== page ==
A word to the wise: Read road signs very carefully when traveling far from home. If you fail to do so, you might find yourself tooling down some road to nowhere … but it will cost you!
My wife and I returned home this past weekend from our latest sojourn across the United States of America; we opened our mail and found a notice from the Interstate 495/95 Express Lanes toll authority in northern Virginia.
We had been assessed a “toll violation” because in June we found ourselves driving in the “express lane” with no way on God’s Earth to get off.
The violation won’t cost us an arm and both legs, so we’ll pay it. I called the toll authority this morning to “protest” the notice. I was told after explaining to the robotic-sounding “customer service representative” that the “invoice is still valid.”
I applaud the toll authority for being so efficient in its handling of my call. Believe me, I actually doubted I was conversing with a living, breathing human being even though she gave me her name when she picked up the phone on the other end of the line. That’s the good news.
The bad news, if you don’t mind my calling it that, is that the toll authority representative didn’t quite grasp the nature of the “protest” I was filing. It’s not that my wife and I don’t think we broke any rules; we did when we ended up on that express lane. It’s just that the highway was under construction, rendering the GPS on our truck virtually useless, the signage was imprecise, traffic was heavy and we found ourselves — quite by accident — on a toll road without the proper “express pass” tag attached to our vehicle.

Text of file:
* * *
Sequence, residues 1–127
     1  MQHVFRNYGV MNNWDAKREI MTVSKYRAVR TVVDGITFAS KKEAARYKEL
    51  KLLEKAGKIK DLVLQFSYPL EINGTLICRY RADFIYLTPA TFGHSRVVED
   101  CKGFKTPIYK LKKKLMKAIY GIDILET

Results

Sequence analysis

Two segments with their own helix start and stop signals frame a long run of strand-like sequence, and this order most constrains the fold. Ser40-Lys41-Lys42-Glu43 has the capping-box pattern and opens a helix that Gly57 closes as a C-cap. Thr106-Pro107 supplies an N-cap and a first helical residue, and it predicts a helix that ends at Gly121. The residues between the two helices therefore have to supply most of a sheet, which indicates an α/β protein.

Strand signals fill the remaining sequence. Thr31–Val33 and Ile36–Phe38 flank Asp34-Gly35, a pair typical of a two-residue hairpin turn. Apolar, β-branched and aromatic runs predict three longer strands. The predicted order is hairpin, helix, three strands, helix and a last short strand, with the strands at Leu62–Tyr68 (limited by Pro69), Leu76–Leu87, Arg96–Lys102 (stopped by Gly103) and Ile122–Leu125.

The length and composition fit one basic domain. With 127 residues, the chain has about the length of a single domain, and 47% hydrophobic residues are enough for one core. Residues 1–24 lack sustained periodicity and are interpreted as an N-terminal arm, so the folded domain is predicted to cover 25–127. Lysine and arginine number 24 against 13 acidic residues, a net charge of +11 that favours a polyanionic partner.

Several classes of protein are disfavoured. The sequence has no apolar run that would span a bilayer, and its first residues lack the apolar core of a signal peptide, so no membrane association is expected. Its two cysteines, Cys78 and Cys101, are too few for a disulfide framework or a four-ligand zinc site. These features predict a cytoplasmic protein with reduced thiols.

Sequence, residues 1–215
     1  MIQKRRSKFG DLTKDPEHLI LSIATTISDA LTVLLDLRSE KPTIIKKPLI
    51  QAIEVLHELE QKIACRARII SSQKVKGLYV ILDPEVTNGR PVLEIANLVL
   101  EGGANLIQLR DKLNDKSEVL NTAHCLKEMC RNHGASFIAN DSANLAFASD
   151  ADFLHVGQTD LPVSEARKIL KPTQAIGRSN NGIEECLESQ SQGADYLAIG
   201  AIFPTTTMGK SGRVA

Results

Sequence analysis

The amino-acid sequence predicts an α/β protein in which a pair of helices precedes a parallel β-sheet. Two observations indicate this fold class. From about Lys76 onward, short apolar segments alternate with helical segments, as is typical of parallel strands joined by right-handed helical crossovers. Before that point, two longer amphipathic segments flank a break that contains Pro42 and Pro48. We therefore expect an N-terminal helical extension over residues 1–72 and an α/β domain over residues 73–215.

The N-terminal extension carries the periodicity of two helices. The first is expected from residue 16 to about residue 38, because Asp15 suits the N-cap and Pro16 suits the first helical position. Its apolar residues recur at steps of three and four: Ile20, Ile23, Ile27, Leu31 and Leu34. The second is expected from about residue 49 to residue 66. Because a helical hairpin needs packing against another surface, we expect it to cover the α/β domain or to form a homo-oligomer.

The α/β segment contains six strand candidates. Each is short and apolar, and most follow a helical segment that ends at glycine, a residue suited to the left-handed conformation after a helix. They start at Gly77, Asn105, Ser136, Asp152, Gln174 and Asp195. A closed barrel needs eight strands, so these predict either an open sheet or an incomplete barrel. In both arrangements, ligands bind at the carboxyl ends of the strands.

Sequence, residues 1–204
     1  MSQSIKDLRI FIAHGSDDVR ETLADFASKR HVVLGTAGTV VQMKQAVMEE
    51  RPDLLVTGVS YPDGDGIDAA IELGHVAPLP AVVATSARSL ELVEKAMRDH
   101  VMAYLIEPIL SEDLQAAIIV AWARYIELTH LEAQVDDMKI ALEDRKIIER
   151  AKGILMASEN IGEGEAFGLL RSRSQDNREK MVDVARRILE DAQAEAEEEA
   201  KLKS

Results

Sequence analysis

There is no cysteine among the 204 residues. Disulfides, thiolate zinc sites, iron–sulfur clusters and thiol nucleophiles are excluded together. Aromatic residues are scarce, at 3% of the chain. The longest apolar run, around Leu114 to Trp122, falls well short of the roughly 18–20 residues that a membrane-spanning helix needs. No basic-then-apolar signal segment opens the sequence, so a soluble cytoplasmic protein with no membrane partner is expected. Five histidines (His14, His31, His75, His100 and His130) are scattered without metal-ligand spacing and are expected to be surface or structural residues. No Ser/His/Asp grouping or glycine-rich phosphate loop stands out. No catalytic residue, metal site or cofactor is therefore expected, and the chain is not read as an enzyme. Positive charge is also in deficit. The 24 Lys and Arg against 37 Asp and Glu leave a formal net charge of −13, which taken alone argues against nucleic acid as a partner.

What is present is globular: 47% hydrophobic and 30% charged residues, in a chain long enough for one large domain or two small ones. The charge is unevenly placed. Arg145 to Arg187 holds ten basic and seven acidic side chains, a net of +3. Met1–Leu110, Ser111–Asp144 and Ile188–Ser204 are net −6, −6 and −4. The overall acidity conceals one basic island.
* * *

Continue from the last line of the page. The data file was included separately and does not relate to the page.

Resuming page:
Furthermore, we had to travel several miles southbound from suburban Washington, D.C., toward our RV campsite before we could exit the express lane.
This all happened while we were visiting our niece and her husband, who live in Washington. We drove to a metro train station, and rode the train into the district each day of our visit. We would return to the Franconia-Springfield Station, drive our truck out of the parking garage and then head back to our RV site.
Somehow, on this particular evening, we got a bit befuddled by the road construction. On June 12, zigged when we should have zagged and got caught in that seemingly endless journey along an express lane.
Hey, that kind of thing happens to out-of-towners, am I right?
I told Robot Lady we’d pay the fine. She offered nothing in the way of a word of sympathy for our anxiety or frustration over the signage, heavy traffic and road construction. She merely instructed us to “stay away from the left lane when you see those white signs.”
Gee. Thanks. Will do.